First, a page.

One of the game’s top run producers in the late 1960s and on through the 1970s, Lee “Big Bopper” May was a terrific slugger for the Reds and Orioles. A three-time All-Star, May posted eight seasons during his career when he blasted 25 or more homeruns. The era in which Lee played is noted more for its pitching, but May was a thunderous presence in the heart of any batting order. Although not the most gifted defender in the league, May made a highlight reel catch in 1985, after he had retired from playing. As the Royals hitting coach, May saved George Brett from an exploding cranium when he caught the diving third baseman who lunged into the dugout, chasing a foul popup.
The Reds signed Lee as a teenager off the Alabama sandlots in 1961. As he climbed the minor league ladder, Lee showcased power as the climbed the rungs. The Reds gave him a five-game trial at the end of the 1965 season and then a 25 game look in 1966. By 1967, May was in the Majors to stay. He was part of a coming Cincinnati Reds team in the late 1960s. In 1968, Lee and Rusty Staub were the only NL first basemen to eclipse 160 base hits and 30 doubles. The Reds had a strong offense geared around such youngsters as May, Pete Rose, Johnny Bench, Tony Perez and Tommy Helms. Vada Pinson, at 29, was the oldest regular on the team.
Although the Big Bopper had a solid 1968 season, his breakout year came in ’69. May drilled 38 homeruns and drove in 110 mates–numbers only eclipsed by Hall of Famer Willie McCovey among NL first basemen. He proved the following year that he was a legit power source and not a one-year wonder when he sent 34 balls into the seats. He teamed with Bench and Perez to give the Reds three men with 30+ plus homers in 1970 as Cincy captured the NL West flag. Off to his first World Series, the Big Bopper was terrific in Fall Classic action. He swatted a pair of homers, led all participants with 8 RBI and hit a lusty .389. But poor play by Bench and a dismal showing from Perez allowed Baltimore to make short work of the Reds.
Named to the 1971 NL All-Star Team, May enjoyed his greatest season for homeruns when he blasted a career high 39 dingers–good for third in the National League behind Hall of Famers Hank Aaron and Willie Stargell. But the Reds fell out of contention that year and made a trade that would bolster the team and thus earn them the nickname “The Big Red Machine” after the season when they dealt Lee to Houston for second baseman Joe Morgan. In the cavernous Astrodome, May’s homer totals fell off but he still swatted an enviable total of 29 homers in 1972. The Big Bopper hit .284 in an era of low batting averages and led the Astros in RBI.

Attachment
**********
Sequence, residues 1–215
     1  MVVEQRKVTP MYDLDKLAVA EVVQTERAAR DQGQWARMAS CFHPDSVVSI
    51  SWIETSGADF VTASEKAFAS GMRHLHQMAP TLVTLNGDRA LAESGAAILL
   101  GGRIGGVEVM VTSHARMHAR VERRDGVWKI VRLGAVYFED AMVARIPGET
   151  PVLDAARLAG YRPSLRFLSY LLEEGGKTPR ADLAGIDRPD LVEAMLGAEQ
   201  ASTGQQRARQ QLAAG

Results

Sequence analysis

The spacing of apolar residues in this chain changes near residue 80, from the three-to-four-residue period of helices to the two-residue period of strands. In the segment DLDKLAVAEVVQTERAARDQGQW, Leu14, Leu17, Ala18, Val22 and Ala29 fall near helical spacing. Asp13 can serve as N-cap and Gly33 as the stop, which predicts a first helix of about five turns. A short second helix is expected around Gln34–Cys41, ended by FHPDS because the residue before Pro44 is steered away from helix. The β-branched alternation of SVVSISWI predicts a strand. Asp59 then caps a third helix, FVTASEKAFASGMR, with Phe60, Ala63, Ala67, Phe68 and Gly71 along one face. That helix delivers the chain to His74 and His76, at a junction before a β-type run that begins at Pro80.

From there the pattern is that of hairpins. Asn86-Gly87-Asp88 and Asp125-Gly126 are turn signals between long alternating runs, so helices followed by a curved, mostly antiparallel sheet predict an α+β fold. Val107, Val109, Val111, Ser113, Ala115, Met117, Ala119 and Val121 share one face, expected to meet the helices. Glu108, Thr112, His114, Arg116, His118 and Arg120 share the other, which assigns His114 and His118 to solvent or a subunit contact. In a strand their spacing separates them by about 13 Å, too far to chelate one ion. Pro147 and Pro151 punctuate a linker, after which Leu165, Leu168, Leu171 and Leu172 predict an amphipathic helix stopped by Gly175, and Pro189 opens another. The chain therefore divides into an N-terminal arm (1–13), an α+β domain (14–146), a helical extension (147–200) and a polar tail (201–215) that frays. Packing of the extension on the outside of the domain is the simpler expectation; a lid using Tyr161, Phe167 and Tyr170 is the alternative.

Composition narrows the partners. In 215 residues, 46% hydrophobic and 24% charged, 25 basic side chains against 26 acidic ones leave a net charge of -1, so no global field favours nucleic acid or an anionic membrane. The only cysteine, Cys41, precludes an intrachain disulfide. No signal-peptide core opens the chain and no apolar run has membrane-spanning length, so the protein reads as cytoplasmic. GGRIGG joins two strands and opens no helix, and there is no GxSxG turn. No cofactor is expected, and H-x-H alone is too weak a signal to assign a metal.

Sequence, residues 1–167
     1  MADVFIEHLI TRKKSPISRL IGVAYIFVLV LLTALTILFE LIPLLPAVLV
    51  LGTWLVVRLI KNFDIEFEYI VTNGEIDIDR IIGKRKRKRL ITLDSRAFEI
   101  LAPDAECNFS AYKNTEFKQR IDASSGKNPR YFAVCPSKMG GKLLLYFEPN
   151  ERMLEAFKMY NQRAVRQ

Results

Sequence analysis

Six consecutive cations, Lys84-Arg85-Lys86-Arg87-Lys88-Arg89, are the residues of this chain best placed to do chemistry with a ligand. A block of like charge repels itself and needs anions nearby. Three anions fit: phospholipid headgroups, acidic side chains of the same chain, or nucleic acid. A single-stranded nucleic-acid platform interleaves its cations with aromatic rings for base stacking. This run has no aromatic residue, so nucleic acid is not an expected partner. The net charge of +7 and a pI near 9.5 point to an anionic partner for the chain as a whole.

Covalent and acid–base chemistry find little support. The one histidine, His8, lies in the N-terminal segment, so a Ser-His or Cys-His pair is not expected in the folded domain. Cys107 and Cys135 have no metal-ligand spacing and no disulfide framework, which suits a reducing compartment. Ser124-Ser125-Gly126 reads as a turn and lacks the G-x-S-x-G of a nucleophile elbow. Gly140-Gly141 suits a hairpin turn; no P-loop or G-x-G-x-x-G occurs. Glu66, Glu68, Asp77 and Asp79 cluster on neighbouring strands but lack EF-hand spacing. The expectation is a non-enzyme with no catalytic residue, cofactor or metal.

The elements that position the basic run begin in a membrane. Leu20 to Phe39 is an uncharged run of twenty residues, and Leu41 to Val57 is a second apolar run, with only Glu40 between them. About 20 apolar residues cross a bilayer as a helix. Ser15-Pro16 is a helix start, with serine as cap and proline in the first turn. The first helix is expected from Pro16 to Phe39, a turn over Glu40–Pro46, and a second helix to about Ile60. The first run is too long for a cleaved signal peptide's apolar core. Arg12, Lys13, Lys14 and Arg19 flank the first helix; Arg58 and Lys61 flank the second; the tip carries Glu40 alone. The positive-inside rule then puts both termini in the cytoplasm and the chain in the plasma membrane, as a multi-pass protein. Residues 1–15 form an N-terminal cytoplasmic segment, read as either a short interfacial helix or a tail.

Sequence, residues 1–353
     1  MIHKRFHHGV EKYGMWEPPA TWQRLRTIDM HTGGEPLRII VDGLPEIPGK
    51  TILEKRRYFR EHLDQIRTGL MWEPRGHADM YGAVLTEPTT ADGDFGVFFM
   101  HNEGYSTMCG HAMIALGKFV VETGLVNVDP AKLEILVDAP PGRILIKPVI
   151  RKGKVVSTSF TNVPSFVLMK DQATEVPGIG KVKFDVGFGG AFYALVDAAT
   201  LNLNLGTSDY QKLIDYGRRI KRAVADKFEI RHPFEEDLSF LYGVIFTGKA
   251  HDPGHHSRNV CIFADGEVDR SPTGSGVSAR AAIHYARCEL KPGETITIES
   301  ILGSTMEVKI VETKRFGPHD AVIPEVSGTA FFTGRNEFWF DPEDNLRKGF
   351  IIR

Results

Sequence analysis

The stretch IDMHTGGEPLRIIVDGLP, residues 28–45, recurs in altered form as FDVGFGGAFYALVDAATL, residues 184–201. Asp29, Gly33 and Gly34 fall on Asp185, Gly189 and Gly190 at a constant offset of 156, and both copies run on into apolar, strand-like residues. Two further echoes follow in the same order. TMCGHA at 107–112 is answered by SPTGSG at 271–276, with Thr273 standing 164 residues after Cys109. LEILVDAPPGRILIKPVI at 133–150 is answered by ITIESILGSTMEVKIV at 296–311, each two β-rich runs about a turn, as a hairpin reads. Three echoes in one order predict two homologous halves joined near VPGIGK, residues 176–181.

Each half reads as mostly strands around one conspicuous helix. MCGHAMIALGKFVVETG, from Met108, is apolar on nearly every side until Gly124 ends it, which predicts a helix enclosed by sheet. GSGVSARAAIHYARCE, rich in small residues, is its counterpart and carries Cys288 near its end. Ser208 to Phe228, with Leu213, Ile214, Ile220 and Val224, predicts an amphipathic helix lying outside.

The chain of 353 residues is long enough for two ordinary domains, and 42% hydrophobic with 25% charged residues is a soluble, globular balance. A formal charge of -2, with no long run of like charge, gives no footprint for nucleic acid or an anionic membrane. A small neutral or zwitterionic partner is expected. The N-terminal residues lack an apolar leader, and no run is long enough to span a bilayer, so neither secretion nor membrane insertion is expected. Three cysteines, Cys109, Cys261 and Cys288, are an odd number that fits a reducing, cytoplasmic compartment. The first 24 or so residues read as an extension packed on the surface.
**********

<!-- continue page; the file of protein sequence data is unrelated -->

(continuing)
May enjoyed his second 100-RBI season in 1973 as he led NL first basemen in the department. But after a down year in 1974, in which he “only” slugged 24 homers, Lee was traded to Baltimore for Enos Cabell. Cabell became a fixture in Houston but he didn’t have the run producing skills of the Big Bopper. In Lee’s first taste of American League action, he came within one little RBI of another 100 runs batted in season. He made certain that he reached that mark in ’76 by pacing the junior circuit with 109 RBI. Orioles skipper Earl Weaver flip-flopped Lee between first base and DH to get the better fielding Tony Muser some action at the initial sack while keeping May’s big bat in the lineup.
In 1977, May posted his eighth year with 90 or more RBI when he chased 99 mates across the dish. In 1978 he blasted 25 homeruns as the everyday DH since a young Eddie Murray established himself as the regular first baseman. The Orioles captured their division in 1979 but in the World Series, the designated hitter wasn’t used, so Lee only had two pinch-hit appearances in a losing cause to Pittsburgh. Granted free agency after the 1980 season, the aging Big Bopper signed with the Kansas City Royals and gave the boys in blue a solid veteran bat-off-the bench for two years before he retired.
G 2,071/R 959/H 2,031/2B 340/3B 31/HR 354/RBI 1,244/SB 39/BB 487/SO 1,570/BA .267/OBP .313/SA .459